“We are in danger of looking too far for opportunities to do good and communicate. In reaching for rhododendrons we trample down the daisies” – anonymous

This is one of my favorite quotes because it can be applied to so many situations. For me, it speaks of the ongoing need to develop culture within our organization and to ensure that this extends to the communities we serve and even those we desire to serve. I was reminded of this recently within our own company as we reflected on what we can be doing better to serve our people and contribute to our communities in better ways.

The second half of this quote is a reflection of this principle; the importance of getting your immediate community collaborating well before you can serve others. It’s a bit like the safety instruction video you watch on an airline before taking off that tells you to put your oxygen mask on first before helping another person so you can ensure you both make it.

That said, in reflecting on the value of community, I thought about the journey that Emergn has taken with the development of Value, Flow, Quality® (VFQ). It’s a journey that started as an idea in 2008 to develop a professional services company that would better serve the growing demand of agile and lean principles in the IT and business environments of all types of companies. From the beginning we knew that consulting would not be enough if our clients and we wanted change to stick and learning to advance.

In it’s earliest iteration, VFQ, was called Emergn Enablement and was an idea to essentially document how to apply the many principles and practices within agile and lean in practical ways. Even then, we knew this would be an enormous effort, not because we were adverse to taking this on but because we knew that without the inclusion of a wider community it would not be possible to produce an education product that could serve the market for years to come and deliver objective, fresh thinking that wasn’t about someone’s methodology. We also knew it would be critical to provide our own people with a baseline that could help us all get around a common set of principles.

To me, this is where community really took shape. As we were developing our business we were learning that there were several challenges to overcome. First, agile was being bought as a label more than an outcome. Second, the talent in our industry, while good, was really independently minded and had less people than we expected that took a wider view on how to help organizations really change and see the kind of results all consultancies promise their clients. Third, it was going to take a significant effort to learn our community better and find people that shared our vision and purpose and ultimately want share in this journey.

The effort paid off as we began to meet people that wanted to work with us but also bring their vision, their passion and ideas. Together this allowed us to learn faster as a company and see where our own gaps were. The honesty and transparency that many of our people brought helped us understand that to build, what eventually would become VFQ, required commitment but also an awareness that we could not fall into the trap of a “not invented here” attitude. The learning had to come from many channels; our own people, industry colleagues, practitioners and clients.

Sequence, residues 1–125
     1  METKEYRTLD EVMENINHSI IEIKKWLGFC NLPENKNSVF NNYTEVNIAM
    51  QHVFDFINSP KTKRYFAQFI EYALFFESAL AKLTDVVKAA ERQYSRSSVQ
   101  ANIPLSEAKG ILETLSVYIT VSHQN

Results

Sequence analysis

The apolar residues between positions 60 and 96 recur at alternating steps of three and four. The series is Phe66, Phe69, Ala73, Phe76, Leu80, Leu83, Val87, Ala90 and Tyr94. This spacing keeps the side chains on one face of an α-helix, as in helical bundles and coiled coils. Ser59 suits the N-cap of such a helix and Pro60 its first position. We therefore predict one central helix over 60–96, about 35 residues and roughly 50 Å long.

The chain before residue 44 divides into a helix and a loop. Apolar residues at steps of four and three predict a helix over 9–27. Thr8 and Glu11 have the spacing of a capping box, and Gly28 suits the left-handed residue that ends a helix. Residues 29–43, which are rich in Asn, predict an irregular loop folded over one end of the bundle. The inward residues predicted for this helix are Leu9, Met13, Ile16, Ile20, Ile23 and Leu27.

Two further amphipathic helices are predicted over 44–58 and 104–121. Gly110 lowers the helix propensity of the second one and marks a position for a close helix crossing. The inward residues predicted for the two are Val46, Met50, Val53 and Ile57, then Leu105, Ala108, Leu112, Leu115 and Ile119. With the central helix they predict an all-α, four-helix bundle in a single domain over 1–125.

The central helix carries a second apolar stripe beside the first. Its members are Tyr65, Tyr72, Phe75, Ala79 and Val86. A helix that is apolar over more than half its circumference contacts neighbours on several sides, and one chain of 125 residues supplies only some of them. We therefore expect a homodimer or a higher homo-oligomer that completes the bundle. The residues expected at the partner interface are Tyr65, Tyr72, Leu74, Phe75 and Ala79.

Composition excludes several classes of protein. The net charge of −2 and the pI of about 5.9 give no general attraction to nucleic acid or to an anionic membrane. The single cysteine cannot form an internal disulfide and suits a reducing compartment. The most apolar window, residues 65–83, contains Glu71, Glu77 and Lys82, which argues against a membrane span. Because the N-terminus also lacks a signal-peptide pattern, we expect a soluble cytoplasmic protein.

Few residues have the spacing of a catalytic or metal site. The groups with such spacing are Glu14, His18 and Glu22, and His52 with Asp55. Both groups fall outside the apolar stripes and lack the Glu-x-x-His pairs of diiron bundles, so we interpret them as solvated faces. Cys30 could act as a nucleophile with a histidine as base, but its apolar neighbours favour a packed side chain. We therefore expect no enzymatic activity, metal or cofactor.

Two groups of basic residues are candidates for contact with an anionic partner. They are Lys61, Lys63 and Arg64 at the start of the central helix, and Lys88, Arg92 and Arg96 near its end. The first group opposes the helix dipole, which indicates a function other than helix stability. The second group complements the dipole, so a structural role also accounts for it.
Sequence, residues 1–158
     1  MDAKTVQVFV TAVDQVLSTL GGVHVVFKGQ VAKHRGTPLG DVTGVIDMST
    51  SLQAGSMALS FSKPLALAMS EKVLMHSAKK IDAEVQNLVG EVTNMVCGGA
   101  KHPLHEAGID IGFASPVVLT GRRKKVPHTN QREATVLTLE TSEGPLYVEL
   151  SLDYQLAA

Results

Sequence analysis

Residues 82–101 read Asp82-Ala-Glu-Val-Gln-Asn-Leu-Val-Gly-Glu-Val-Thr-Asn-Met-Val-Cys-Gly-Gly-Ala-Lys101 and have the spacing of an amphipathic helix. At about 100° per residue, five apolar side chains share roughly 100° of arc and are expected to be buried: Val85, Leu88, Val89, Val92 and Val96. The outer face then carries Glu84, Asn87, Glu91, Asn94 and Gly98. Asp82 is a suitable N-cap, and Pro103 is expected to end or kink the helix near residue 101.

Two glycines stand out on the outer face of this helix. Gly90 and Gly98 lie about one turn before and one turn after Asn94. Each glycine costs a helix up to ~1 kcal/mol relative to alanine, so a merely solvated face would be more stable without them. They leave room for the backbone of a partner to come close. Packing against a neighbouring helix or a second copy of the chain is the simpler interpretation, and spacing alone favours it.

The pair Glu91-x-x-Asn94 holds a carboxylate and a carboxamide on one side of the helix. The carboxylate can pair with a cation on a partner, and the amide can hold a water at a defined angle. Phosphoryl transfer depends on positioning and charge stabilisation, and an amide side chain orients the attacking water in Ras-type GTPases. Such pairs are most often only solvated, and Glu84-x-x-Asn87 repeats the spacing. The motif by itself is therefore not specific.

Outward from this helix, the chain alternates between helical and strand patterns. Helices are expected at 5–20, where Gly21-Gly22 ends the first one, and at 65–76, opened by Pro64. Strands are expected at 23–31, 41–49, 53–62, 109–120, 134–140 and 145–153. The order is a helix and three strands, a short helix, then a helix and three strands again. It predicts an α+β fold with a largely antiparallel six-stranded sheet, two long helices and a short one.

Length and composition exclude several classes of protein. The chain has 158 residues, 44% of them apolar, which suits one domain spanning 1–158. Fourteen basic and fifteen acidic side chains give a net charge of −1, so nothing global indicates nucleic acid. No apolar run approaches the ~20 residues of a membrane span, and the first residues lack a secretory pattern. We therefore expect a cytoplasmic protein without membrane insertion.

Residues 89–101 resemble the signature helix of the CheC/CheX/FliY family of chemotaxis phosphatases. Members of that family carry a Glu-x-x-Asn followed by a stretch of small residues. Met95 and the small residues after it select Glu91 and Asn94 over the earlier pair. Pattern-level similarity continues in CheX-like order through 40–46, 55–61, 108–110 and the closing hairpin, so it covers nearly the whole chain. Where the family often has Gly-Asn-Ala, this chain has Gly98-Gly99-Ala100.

I’ve learned that we underestimate the power of community. It’s one of those things that we inherently agree with and think we understand but don’t always do much to make it work. In the busyness of our work we tend to treat the development of our community as an afterthought; something that will always be there and we’ll get to it when we have more time or just get involved infrequently.

Is it really as simple as the old adage says, “you get out of it what you put into it”? I’m beginning to believe it is. Another key lesson has been the realization that so many people in our industry, who are typically viewed as competitors, actually have been allies and friends on the journey. In the past it was unheard of to go and vet new ideas with your competitor, especially if those ideas could potentially give you a significant competitive advantage. We’ve learned that in our community around the world, collaboration and cooperation have proven far more valuable than holding our cards close to the vest. More importantly, our clients have benefited the most from the openness in sharing ideas, not being tied to one school of thought and in many cases, having played a role in contributing to VFQ.

VFQ is a testimony to how a community of like-minded people, not necessarily always in agreement, can work tirelessly towards a common cause and produce an exceptional product. We are proud of VFQ not just because Emergn developed it but because so many people from within and without played an important role in making it happen. To have it recently selected by BCS as the platform upon which they have launched the Agile Professional Certification, which will become the standard for those that desire higher learning, is just one more reward for all those that contributed.

Thank you to all of you that have been on this journey with us and continue to do so. We have all learned the importance of building a community and the hard lessons have proven to be so critical in building a foundation for continued learning and of course, success.

Recommended Posts

Leave a Comment